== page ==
Note that line 93 invokes the function (either cookie or param) with no arguments to get a list of all things of that type, while the end of line 92 invokes that same function passing it one item of that type to get its value. It's very nice that they have that same interface.

Lines 98 to 101 were described earlier, but this is also a part of the program you'd definitely want to rewrite for a real application.

So, in summary, cookies can be reasonable for session management, as long as the logged in state is clear, a logout button is clearly visible, the cookie expires when the browser is closed, and the session expires after an inactivity timeout value (typically an hour) is reached. Have fun handing out cookies, and don't forget the milk. Until next time, enjoy!


        =1=     #!/usr/bin/perl -Tw
        =2=     use strict;
        =3=     $|++;
        =5=     use CGI qw(:all);
        =7=     ## cookie check
        =8=     my $browser = cookie("browser");
        =9=     if (defined $browser) {         # got a good browser
        =10=      Delete("_cookiecheck");       # don't let this leak further
        =11=    } else {                        # no cookie? set one
        =12=      require MD5;
        =13=      my $cookie = cookie
        =14=        (-name => 'browser',
        =15=         -value => MD5->hexhash(MD5->hexhash(time.{}.rand().$$)));
        =17=      if (defined param("_cookiecheck")) { # already tried!
        =18=        print +(header(-cookie => $cookie),
        =19=                start_html("Missing cookies"),
        =20=                h1("Missing cookies"),
        =21=                p("This site requires a cookie to be set. Please permit this."),
        =22=                startform, submit("OK"), endform,
        =23=                end_html);
        =24=      } else {
        =25=        param("_cookiecheck", 1);   # prevent infinite loop
        =26=        print redirect (-cookie => $cookie, -uri => self_url());
        =27=      }
        =28=      exit 0;
        =29=    }
        =31=    ## At this point, $browser is now the unique ID of the browser
        =33=    require File::Cache;
        =34=    my $cache = File::Cache->new({namespace => 'cookiemaker',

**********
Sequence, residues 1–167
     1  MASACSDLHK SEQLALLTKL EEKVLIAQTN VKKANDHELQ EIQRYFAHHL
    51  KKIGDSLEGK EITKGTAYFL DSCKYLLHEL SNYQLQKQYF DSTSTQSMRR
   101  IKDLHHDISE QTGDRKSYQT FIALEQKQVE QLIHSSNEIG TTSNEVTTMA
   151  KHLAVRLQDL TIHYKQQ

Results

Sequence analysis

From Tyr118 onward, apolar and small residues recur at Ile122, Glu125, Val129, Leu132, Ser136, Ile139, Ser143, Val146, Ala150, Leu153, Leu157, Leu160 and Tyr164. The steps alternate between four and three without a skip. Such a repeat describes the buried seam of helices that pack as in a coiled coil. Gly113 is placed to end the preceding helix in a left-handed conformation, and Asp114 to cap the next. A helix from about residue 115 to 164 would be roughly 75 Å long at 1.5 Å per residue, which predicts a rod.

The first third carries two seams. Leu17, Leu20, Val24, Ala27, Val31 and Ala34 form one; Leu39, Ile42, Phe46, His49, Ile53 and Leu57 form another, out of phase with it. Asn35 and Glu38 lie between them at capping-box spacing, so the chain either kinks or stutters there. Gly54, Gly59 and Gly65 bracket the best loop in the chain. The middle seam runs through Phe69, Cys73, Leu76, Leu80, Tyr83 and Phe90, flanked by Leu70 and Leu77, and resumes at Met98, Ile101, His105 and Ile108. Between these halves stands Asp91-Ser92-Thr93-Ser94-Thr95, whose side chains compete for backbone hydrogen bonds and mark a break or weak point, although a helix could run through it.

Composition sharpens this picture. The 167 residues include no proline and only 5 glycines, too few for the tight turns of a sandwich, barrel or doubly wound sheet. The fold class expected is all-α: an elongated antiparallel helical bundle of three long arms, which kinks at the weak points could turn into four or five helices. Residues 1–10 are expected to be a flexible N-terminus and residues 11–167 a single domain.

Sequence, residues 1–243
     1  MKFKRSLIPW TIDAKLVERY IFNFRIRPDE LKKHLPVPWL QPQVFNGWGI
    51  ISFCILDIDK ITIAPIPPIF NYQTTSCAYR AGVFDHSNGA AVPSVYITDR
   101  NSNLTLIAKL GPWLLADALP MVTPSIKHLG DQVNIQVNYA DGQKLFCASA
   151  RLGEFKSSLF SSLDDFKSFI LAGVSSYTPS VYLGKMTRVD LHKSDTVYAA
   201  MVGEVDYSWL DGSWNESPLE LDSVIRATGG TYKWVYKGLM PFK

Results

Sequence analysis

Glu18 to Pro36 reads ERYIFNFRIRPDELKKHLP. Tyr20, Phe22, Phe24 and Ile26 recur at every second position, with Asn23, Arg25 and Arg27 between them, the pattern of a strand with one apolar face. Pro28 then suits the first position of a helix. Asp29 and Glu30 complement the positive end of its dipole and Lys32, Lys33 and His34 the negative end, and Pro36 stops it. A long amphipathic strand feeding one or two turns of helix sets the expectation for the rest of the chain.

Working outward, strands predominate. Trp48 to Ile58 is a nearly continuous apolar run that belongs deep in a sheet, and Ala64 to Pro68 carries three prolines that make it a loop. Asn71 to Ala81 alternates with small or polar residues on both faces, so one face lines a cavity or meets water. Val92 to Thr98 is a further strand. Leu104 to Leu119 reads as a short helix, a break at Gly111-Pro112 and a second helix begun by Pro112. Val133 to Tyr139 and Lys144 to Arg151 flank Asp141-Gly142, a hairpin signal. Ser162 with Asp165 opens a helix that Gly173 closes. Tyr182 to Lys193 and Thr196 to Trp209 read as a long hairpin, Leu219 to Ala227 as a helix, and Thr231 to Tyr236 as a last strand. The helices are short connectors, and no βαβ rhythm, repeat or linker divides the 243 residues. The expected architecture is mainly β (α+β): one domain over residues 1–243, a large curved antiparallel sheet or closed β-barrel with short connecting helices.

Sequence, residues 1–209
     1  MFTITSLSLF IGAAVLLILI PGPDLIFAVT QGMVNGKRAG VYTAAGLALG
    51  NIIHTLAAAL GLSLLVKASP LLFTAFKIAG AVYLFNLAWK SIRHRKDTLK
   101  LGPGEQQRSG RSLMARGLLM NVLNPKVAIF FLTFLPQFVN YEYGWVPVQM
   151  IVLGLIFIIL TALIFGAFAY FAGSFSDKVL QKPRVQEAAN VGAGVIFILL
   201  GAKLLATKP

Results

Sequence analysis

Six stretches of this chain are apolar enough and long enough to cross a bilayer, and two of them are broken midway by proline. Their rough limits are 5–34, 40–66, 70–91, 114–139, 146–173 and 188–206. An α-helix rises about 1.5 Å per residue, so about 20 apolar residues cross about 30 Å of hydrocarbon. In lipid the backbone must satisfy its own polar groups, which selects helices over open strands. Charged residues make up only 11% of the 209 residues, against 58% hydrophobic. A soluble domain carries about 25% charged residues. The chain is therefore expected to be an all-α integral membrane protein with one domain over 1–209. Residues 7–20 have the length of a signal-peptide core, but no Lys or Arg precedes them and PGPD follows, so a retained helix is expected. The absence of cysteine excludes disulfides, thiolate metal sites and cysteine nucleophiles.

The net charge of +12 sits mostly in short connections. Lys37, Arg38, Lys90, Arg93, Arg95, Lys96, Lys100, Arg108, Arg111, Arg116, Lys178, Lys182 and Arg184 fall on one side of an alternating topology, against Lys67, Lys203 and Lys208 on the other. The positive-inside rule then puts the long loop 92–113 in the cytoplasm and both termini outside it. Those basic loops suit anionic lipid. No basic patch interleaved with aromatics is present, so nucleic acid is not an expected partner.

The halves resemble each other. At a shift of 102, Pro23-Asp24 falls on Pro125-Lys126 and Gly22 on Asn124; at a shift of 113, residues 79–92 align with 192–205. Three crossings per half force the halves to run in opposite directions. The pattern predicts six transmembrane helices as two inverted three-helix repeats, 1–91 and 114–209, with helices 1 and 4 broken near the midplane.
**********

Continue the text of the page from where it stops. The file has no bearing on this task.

=35=                                  username => 'nobody',
        =36=                                  filemode => 0666,
        =37=                                  expires_in => 3600, # one hour
        =38=                                 });
        =40=    ## first, some housekeeping
        =41=    unless ($cache->get(" _purge_ ")) {
        =42=      $cache->purge;                # remove expired objects
        =43=      $cache->set(" _purge_ ", 1, 3600 * 4); # purge every four hours
        =44=    }
        =46=    my $user = $cache->get($browser); ## either the logged-in user, or undef
        =48=    print header,start_html('session demonstration'),h1('session demonstration');
        =50=    ## handle requested transitions (login or logout)
        =51=    if (defined $user and defined param("_logout")) {
        =52=      Delete("_logout");
        =53=      $cache->remove($browser);
        =54=      print p("You are no longer logged in as $user.");
        =55=      undef $user;
        =56=    } elsif (not defined $user and defined (my $try_user = param("_user"))) {
        =57=      Delete("_user");
        =58=      my $try_password = param("_password");
        =59=      Delete("_password");
        =60=      if ($try_user =~ /\A\w+\z/ and verify($try_user, $try_password)) {
        =61=        $user = $try_user;
        =62=        print p("Welcome back, $user.");
        =63=      } else {
        =64=        print p("I'm sorry, that's not right.");
        =65=      }
        =66=    }
        =68=    ## handle current state (possibly after transition)
        =69=    if (defined $user) {
        =70=      $cache->set($browser,$user);  # update cache on each hit
        =71=      print p("You are logged in as $user.");
        =72=      print startform, hidden("_logout", 1), submit("Log out"), endform;
        =73=    } else {
        =74=      print p("You are not logged in.");
        =75=      print
        =76=        startform,
        =77=          table({-border => 1, -cellspacing => 0, -cellpadding => 2},
        =78=                Tr(th("username:"),
        =79=                   td(textfield("_user")),
        =80=                   td({-rowspan => 2}, submit("login"))),
        =81=                Tr(th("password:"), td(password_field("_password")))),
        =82=                  endform;
        =83=    }
        =85=    ## rest of page would go here, paying attention to $user
        =87=    for ([Cookies => \&cookie], [Params => \&param]) {
        =88=      my ($title, $f) = @$_;
        =90=      print h2($title), table 
        =91=        ({-border => 0, -cellspacing => 0, -cellpadding => 2},
        =92=         map (Tr(th(escapeHTML($_)), td(escapeHTML(join ", ", $f->($_)))),
        =93=            $f->()));
        =94=    }
        =96=    ## sample verification
        =98=    sub verify {
        =99=      my($user, $password) = @_;
        =100=     return index($password, $user) > -1; # require password to contain user
        =101=   }

Randal L. Schwartz is a renowned expert on the Perl programming language (the lifeblood of the Internet), having contributed to a dozen top-selling books on the subject, and over 200 magazine articles. Schwartz runs a Perl training and consulting company (Stonehenge Consulting Services, Inc of Portland, Oregon), and is a highly sought-after speaker for his masterful stage combination of technical skill, comedic timing, and crowd rapport. And he's a pretty good Karaoke singer, winning contests regularly.

Schwartz can be reached for comment at or +1 503 777-0095, and welcomes questions on Perl and other related topics.